On June 27th, an important record was set in Major League Baseball, and yet it wasn’t talked about nearly as much as it should have been. It wasn’t a flashy record and it wasn’t set by an MLB superstar, but that doesn’t take away from its importance.
There is now a new “home run king” in baseball. A record that had stood for more than 50 years was finally broken.
On the night of June 27th, 2010 at an “away” game in Philadelphia’s Citizens Bank Park with the Toronto Blue Jays in town, Jamie Moyer served up a two-run jack to Vernon Wells, and with that homerun, Moyer became the new “king.” It was the 506th homer served up during a 24-year career of the 47-year old southpaw, breaking the record held by Phillies Hall of Famer Robin Roberts.
On the surface, it may not sound like a good thing — 506 home runs is a lot of baseballs lost to the outfield seats. Moyer has given up more home runs than most players will ever hit in their careers. Only 25 batters have ever hit 500 homeruns, yet only two pitchers have ever given up 500 home runs
This record is a positive, though it may seem negative. In order to serve up that many long balls, a pitcher has to not only survive in the major leagues for a long, long time, but must pitch well enough for a manager to hand him the ball every fifth day of the season. Very few players play as long, and as well, as Moyer has throughout the years.
This is a record that should be celebrated, and Moyer should be happy to have his name attached to this. Although there isn’t a single long ball he liked giving up, it’s part of the game. Moyer has given up just 1.1 home runs per 9 innings through his career, a very solid ratio. This record should be embraced, and people unfamiliar with Moyer and his career should take notice. This is history. With every start Moyer makes, it seems history is being made this season. 4,000 innings pitched. 276 (and counting) games won. Complete games. Record homers. Fastballs that look like change ups. Change ups that look like they’re in slow motion. A wily veteran, feasting on players who weren’t even born when he started his career, and making them look silly more often than not. Take notice, because this is rare.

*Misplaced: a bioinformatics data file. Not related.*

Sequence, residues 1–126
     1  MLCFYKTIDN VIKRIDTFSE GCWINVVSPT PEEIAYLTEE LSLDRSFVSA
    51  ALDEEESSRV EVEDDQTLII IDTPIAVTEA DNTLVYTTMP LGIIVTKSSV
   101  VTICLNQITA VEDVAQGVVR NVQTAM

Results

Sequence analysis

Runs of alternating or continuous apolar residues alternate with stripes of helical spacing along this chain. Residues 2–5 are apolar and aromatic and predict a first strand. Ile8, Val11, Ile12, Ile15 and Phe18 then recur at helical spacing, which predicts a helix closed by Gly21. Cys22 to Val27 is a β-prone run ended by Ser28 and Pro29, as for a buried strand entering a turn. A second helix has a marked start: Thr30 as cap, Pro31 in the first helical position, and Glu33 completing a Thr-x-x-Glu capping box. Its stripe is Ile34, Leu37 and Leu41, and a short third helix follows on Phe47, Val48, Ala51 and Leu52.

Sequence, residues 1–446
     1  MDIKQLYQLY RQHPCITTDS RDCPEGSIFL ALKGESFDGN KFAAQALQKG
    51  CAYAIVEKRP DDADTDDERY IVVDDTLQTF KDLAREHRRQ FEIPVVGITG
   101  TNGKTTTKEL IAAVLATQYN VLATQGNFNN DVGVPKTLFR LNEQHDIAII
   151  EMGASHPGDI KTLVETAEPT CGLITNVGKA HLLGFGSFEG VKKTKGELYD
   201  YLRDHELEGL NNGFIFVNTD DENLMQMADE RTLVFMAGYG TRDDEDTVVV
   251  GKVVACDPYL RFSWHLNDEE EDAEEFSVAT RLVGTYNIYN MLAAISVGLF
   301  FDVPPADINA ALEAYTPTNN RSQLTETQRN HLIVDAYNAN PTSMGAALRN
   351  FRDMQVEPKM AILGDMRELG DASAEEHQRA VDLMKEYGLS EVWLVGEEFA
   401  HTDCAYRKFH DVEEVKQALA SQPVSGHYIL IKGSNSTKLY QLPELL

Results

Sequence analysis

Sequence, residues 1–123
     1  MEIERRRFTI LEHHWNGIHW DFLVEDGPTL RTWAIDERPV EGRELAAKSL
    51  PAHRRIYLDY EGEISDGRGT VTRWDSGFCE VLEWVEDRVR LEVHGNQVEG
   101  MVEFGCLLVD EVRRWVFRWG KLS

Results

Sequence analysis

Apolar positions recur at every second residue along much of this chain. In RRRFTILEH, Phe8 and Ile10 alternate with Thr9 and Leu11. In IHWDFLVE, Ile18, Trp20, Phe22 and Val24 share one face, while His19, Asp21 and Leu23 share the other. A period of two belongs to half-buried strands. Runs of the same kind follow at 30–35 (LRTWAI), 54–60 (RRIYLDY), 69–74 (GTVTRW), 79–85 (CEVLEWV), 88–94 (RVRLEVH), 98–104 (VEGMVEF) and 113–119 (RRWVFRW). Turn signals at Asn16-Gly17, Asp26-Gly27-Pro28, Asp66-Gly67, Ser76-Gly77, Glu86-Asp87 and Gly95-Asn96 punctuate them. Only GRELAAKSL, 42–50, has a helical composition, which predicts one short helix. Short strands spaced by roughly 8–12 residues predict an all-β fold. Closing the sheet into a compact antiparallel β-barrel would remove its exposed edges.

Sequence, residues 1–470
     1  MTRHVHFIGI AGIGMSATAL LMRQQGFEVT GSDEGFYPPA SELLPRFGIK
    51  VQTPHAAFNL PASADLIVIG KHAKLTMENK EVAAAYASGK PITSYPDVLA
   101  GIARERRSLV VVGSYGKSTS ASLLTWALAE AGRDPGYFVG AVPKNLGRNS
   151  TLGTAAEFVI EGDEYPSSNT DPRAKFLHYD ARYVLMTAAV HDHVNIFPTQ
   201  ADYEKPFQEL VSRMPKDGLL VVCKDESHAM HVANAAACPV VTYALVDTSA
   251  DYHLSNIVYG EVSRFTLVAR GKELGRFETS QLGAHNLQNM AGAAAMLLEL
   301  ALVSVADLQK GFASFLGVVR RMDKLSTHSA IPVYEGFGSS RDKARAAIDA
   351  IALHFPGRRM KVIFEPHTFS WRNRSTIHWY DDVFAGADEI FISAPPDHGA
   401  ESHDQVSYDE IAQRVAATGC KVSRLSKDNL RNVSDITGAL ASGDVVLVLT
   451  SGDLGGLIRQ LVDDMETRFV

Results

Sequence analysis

On top of his new record, Moyer has quietly been enjoying one of the better seasons of his career. A lefty who barely touches 82 mph on the radar gun, Moyer has lasted 6 or more innings in 13 of his 15 starts this season, putting up eight “quality starts” (six or more innings pitched, three or fewer earned runs given up), and hurling a phenomenal two hitter against the Braves on May 7th. He is 9-6 with a somewhat bloated 4.30 earned run average, has given up just 17 walks through 96.1 innings (1.6 BB/9), and has a phenomenal 1.048 WHIP this season.
If Moyer continues to pitch like this, there is no reason to believe he can’t continue to do what he’s done for another few years. And if he does, he could push that newly acquired record of his way out of reach of any younger pitcher eyeing that stat. And just maybe, if he gets a few more years worth of at bats, Moyer could even finally hit a home run of his own, seemingly the only thing he hasn’t done in his career. After giving up so many, he deserves a slow trot around the bases for himself to see what it’s like, right?